The global cement industry has suffered over recent years, as a slump in demand following the financial crisis hit revenues and exacerbated high levels of net debt built up following acquisition sprees in the mid-2000s. Over recent years, the major cement producers have focused their attentions on reducing this debt burden, through a series of efficiency drives and asset sales. European cement producers have been especially hard hit, owing to the protracted recession in the region's construction sector, as well as the impact of currency drag on operating profits. Following the first nine month 2013 results of the major cement producers, we stated that the theme of strategic alignment, including improving efficiency and reducing debt, would continue over the coming 12 months (see, 'Cement Producers Face Uncertainty As Asian Woes Offset European Recovery', 14 November 2013).

Merger Helps Recovery
Lafarge, EUR And Holcim CHF, Share Price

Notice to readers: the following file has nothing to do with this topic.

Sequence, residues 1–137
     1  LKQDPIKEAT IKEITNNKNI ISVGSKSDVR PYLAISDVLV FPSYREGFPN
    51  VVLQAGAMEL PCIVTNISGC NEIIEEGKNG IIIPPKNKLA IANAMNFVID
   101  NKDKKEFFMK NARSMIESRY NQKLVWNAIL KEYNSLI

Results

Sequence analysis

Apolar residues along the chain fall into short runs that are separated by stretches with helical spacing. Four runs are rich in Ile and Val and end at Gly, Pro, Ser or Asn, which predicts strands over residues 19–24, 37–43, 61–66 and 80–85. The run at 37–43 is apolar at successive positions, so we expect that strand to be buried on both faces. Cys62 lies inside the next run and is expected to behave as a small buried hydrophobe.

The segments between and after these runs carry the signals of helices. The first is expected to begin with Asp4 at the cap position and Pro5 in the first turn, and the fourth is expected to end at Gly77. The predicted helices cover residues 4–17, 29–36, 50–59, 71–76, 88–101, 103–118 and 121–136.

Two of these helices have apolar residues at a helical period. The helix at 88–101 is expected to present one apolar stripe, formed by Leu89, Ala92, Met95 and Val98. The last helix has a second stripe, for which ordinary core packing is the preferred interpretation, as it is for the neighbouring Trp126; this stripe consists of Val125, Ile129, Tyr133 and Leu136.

We see the planned merger between Lafarge and Holcim as a continuation of this theme. The two companies were highlighted in our analysis as victims of domestic currency strength, especially compared to weakness in revenue generating markets (such as India and Indonesia). They have also struggled with high debt levels for a number of years and have been two of the most eager in pursuing a cost cutting and asset disposal strategy. The merger can therefore be seen as the ultimate step in achieving cost efficiencies, debt reduction and strategic alignment. Combined, the companies hope to generate EUR1.4bn in synergies and will seek asset sales equivalent to 10-15% of EBITDA, with the highest concentration expected to be in Europe, where both companies have a high level of market penetration.